With patience and positivity, your diaper-changing days will be over soon

Potty training is one of those early childhood milestones that you look forward to celebrating. The thought of no longer having to buy diapers is thrilling, and the realization that you will no longer need to find public changing tables is exciting, but those parental rewards are hard-earned during the process of potty training.

Potty training requires patience and an understanding; all children reach milestones at different ages and in different ways. You may need to try different approaches before you find one that works for your child and family, but consider the following suggestions as you begin the potty-training process.

When to start potty training

Set your child up for success by starting to potty train when they’re developmentally ready to begin. Generally, most children are ready between 2 and 4 years old, but there are outliers on each end of the spectrum. Signs of readiness include:

  • Staying dry for longer: Being able to stay dry for an hour or two is a sign that they are developing bladder control.
  • Noticing dirty diapers: If your child starts to let you know that their diaper is dirty, or expresses disgust over a dirty diaper, they may be emotionally ready to experiment with potty training.
  • Regular bowel movements: A significant part of potty training involves training yourself to look for signs that it’s time to take your child to the bathroom. Regularity makes that easy to predict.
  • Letting you know they have to go: If your child tells you that they have to go to the bathroom or makes facial expressions that clue you into that fact, you both may be ready for potty training.

How to make potty training progress

Once your child is ready, the real work begins. With the right attitude and the tips and tricks featured below, you’ll be making a smooth transition out of diapers sooner than you think.

Show your enthusiasm

Everyone enjoys praise, so lay it on thick as you begin potty training. Let your child know how grown-up they are, how helpful they’re being, how hard they’re trying, and how proud you are of their progress, regardless of how it’s actually going.

Dress for success

Potty training isn’t the time for layers, buttons, and zippers. When you’re relaxing at home and it’s practical to do so, let your child stay undressed. Otherwise, have them wear pants with an elastic waist or skirts and dresses.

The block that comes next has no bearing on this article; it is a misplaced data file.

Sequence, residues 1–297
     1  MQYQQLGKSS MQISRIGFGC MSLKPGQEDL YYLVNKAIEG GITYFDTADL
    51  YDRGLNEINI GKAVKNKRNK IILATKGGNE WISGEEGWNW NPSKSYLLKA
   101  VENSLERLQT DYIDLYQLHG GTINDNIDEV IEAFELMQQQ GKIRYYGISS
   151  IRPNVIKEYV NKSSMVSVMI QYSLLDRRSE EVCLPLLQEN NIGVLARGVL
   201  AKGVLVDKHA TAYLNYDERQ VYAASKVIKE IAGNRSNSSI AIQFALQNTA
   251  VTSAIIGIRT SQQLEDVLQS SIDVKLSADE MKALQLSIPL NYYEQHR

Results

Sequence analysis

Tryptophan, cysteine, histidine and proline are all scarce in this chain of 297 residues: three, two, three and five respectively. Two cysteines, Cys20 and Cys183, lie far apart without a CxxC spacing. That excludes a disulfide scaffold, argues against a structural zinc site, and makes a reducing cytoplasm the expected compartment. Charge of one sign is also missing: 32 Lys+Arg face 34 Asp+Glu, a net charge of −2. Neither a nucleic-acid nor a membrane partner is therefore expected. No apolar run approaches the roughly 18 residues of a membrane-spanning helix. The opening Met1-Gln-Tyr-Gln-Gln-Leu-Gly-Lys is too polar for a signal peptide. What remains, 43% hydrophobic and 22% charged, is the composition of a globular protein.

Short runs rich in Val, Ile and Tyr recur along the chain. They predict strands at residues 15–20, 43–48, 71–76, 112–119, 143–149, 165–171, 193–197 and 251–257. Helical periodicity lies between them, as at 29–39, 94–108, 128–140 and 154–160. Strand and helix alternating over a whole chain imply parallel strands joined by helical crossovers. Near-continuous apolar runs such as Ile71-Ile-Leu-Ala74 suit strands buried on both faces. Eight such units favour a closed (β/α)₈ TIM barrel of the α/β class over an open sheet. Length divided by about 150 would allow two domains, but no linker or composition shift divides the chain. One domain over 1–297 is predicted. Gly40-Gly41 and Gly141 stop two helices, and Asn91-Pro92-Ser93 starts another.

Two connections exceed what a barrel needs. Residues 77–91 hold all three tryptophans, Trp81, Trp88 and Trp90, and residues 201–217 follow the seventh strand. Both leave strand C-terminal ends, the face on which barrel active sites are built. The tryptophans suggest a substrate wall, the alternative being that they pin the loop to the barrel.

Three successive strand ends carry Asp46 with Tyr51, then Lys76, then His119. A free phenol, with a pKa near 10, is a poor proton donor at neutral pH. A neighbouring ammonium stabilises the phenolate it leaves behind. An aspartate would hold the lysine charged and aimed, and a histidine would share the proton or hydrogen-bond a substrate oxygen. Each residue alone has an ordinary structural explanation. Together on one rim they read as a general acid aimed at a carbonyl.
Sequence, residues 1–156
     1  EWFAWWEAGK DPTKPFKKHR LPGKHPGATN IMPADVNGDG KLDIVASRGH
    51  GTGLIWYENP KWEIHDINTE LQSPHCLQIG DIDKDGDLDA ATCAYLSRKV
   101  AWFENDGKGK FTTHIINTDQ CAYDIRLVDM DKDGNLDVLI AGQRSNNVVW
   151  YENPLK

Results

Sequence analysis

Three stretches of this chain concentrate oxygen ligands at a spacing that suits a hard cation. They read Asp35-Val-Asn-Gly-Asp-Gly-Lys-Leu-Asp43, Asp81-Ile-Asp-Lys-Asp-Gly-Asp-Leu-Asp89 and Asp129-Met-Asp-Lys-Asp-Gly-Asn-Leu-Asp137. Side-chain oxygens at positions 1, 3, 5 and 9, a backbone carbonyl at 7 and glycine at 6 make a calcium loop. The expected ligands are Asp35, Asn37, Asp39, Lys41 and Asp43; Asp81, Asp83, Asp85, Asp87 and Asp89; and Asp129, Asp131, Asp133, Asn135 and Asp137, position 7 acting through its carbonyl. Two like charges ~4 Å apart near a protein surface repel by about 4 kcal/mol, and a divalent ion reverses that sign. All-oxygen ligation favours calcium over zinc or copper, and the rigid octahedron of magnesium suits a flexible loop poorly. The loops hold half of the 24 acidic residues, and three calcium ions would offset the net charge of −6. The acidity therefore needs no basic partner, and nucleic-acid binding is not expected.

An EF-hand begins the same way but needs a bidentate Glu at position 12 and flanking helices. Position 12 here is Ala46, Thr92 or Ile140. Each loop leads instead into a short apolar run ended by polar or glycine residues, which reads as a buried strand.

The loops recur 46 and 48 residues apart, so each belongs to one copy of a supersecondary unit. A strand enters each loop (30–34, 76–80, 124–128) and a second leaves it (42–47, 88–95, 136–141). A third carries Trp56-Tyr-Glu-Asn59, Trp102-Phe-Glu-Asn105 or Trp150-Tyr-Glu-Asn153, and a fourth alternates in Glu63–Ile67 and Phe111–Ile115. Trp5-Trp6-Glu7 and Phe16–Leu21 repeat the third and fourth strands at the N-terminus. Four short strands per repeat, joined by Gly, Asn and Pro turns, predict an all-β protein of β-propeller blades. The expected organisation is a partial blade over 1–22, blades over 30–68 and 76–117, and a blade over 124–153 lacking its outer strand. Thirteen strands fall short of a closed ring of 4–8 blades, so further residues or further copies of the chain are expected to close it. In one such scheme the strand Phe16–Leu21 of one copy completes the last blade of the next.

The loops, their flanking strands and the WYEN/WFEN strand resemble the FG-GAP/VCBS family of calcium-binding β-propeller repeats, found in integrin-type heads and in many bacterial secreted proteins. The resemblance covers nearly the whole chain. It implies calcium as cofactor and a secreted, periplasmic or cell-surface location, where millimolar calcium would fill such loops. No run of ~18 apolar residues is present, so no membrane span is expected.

Shop for supplies

Keep the excitement level high by having your child help pick out a new potty, new pull-ups or underwear, a progress chart, or small rewards to incentivize success.

Use a gentle voice

You’ll need to remind your child about using the restroom, but be careful not to invite resistance by using a nagging tone. Ask or suggest that they try and don’t engage in a battle over it. When you check for wetness, praise your child if they’re dry but don’t criticize if they’ve had an accident.

Let characters help

Children learn a lot through storytelling and identify strongly with their favorite characters. Find books, movies, and television shows that talk about potty training positively and continue that conversation with your child.

Potty training is a challenge, and you will face some obstacles along the way. If your child is consistently resistant to the idea, back off for a while and approach it with another strategy when you’re both ready to try again. To maximize your chances of potty-training success, wait until your child is developmentally ready to begin, be patient, and stay positive. You’ll be done with diapers one of these days!

The Virginia Infant & Toddler Specialist Network helps improve the quality of care for infants and toddlers through extensive resources, services, and education for caregivers. Learn more about how we can help you improve the standard of care.